It’s the end of the year, so accordingly, many people do some sort of “accounting”, i.e. trying to figure out and calculate what they have accomplished in the past one year, and where to move on next. This “next” phase can be then planned in the form of New Year’s resolutions, goal setting etc. Now, this post isn’t exactly about that, but could be related, just bear with me.
The single biggest thing that happened in my life this year (actually, a month ago) and presents the major challenge to my training is that I have become daddy again! All those who are parents can testify to the unique sense of pleasure that parenthood provides, but the unique amount of time consummation it means as well. Naturally, there are other periodical, or constant, challenges that people have to face and conquer if they want to train. Depending on your situation, it need not necessarily bring any particular changes to your training regimen, but more often than not it does. So, how do we deal with it? One option is to quit training altogether for a while and come back to it later (or not). We will not be considering that avenue here, though.
|Efficiency is the key here|
Another approach, and the one I go for, is spend less time training in a group setting (be it a commercial gym, club, an informal garage group, or whatever), and attempt to maintain the solo training volume (working on your physical fitness is a perennial favorite here). However, with such constellation we need to make sure our focus is on the absolute fundamental necessities, in order to maintain the level of technical fluency and related applicability as much as possible. Therefore, do you best to identify the underlying foundations, pillars of your fighting system, which makes everything else possible, and then ensure that this segment of your training is addressed properly. Everything else can be relegated to the “if I get the time” category. Those fundamentals must be worked on whenever you have time, and however much or little of it is available.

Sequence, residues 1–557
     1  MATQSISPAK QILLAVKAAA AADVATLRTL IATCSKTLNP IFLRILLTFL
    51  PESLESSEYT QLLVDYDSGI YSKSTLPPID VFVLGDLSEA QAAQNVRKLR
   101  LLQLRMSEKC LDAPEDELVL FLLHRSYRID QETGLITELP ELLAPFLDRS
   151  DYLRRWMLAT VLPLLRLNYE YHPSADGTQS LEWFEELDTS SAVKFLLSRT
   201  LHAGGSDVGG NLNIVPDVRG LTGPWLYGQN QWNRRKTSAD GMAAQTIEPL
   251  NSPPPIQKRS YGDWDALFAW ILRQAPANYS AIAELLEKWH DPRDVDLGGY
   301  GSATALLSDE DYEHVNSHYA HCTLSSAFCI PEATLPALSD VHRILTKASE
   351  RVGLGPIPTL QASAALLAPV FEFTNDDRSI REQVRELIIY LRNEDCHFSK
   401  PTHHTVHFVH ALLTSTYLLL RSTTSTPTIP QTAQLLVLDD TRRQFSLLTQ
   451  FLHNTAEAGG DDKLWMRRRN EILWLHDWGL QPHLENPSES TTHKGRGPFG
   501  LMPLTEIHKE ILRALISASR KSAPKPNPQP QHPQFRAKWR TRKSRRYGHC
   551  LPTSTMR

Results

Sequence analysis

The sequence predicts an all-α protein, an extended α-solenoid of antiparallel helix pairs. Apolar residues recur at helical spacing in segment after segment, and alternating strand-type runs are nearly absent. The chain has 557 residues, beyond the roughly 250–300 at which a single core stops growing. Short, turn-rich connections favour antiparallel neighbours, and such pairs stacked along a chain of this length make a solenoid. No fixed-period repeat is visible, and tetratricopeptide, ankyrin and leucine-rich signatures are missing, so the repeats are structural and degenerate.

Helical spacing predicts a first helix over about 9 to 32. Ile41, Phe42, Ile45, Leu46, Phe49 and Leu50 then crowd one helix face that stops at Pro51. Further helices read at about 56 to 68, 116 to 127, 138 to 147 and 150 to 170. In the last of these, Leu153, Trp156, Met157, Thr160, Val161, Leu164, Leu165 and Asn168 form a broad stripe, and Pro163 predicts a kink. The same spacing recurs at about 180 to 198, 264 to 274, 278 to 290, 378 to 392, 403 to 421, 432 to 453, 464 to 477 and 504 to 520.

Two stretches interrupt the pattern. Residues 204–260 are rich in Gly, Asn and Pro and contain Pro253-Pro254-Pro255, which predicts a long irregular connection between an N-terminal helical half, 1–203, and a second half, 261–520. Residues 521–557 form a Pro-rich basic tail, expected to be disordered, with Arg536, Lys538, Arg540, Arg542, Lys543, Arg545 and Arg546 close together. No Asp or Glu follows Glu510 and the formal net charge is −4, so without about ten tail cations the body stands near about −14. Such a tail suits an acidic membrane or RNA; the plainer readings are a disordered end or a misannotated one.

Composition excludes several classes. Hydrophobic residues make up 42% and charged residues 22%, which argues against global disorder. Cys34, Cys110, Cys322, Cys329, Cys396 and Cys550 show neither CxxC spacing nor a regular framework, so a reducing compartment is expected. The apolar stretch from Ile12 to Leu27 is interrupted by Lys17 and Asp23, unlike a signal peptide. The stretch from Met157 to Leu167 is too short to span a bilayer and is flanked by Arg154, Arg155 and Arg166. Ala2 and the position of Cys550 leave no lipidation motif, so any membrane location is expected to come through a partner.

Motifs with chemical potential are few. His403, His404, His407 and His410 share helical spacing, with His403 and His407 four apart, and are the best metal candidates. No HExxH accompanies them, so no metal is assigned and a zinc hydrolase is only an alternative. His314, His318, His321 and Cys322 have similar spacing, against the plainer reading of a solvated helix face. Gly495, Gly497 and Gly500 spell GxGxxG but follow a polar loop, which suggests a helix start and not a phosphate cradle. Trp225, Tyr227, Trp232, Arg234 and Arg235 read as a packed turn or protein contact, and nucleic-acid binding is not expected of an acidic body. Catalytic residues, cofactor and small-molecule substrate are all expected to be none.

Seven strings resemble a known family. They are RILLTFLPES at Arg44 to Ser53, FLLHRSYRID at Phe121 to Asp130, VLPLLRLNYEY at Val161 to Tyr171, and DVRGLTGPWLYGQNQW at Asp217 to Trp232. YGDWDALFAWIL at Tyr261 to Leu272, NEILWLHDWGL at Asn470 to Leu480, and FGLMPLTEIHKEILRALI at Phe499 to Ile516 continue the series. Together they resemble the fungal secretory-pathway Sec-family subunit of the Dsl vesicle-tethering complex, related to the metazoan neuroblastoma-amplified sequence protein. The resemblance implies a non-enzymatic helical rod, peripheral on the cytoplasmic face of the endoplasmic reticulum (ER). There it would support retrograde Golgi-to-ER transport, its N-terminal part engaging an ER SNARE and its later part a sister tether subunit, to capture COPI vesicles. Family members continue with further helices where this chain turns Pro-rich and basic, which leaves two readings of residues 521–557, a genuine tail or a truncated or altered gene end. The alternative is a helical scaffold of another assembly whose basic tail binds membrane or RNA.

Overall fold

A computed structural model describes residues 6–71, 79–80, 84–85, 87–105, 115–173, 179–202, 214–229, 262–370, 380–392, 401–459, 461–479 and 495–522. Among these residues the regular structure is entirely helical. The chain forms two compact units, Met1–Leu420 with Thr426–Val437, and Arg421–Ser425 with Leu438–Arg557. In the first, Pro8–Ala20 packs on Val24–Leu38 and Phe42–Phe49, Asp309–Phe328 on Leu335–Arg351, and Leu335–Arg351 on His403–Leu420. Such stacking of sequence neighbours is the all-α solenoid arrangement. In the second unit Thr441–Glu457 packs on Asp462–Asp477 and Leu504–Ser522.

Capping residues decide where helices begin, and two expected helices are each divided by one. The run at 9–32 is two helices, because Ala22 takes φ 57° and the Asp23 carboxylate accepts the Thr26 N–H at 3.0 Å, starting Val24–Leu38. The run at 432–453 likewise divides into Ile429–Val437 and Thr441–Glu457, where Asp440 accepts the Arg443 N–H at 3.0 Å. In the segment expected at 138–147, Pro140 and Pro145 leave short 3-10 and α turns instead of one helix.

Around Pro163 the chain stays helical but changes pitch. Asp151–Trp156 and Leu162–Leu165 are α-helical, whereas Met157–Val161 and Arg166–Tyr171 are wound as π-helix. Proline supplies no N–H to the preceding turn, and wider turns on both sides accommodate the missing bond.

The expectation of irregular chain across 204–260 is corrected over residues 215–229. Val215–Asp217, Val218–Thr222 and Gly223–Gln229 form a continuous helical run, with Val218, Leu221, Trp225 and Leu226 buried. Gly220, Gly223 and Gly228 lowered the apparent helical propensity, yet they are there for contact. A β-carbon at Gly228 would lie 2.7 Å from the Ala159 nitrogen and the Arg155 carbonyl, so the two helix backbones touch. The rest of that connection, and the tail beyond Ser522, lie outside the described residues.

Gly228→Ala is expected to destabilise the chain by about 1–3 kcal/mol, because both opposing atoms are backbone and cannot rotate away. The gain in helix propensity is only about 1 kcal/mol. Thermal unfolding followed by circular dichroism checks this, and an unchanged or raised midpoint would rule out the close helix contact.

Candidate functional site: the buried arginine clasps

To be (vaguely) specific, in standup and weapon combative systems it would mean topics such as footwork, distance control, mechanics of basic techniques; in BJJ and similar styles it would mean position control, escapes, ground movements, mechanics of basic submissions…you get the idea.
|Advanced techniques are the fundamentals done well!|
The legendary wrestler Dan Gable has been quoted saying “If it’s important - do it every day, if it’s not – don’t do it at all”. It is a fairly straightforward and simple guideline, and if your involvement with martial arts has some notion of career span as pertinent, Gable’s advice is as good as it gets. On the other hand, if you see yourself as a “lifer” in this endeavor, then you may need some kind of relief periodically, to avoid repetitive injuries, burnout etc.
Of course, the above takes precedence if your motives for training martial arts have to do with actual functional fighting ability. But if you are into it for fun, recreational purposes, cultural study, aesthetics or else – then you should probably choose and emphasize the aspects of training that help you stay with your training through the challenging period, whatever the obstacles may be.
In the end, or going back to the beginning of today’s babbling session, should you manage to identify and choose your training focus right, it will be somewhat easier to keep at it. As the result, the goals you had set are more probable to be achieved and resolutions to be realized.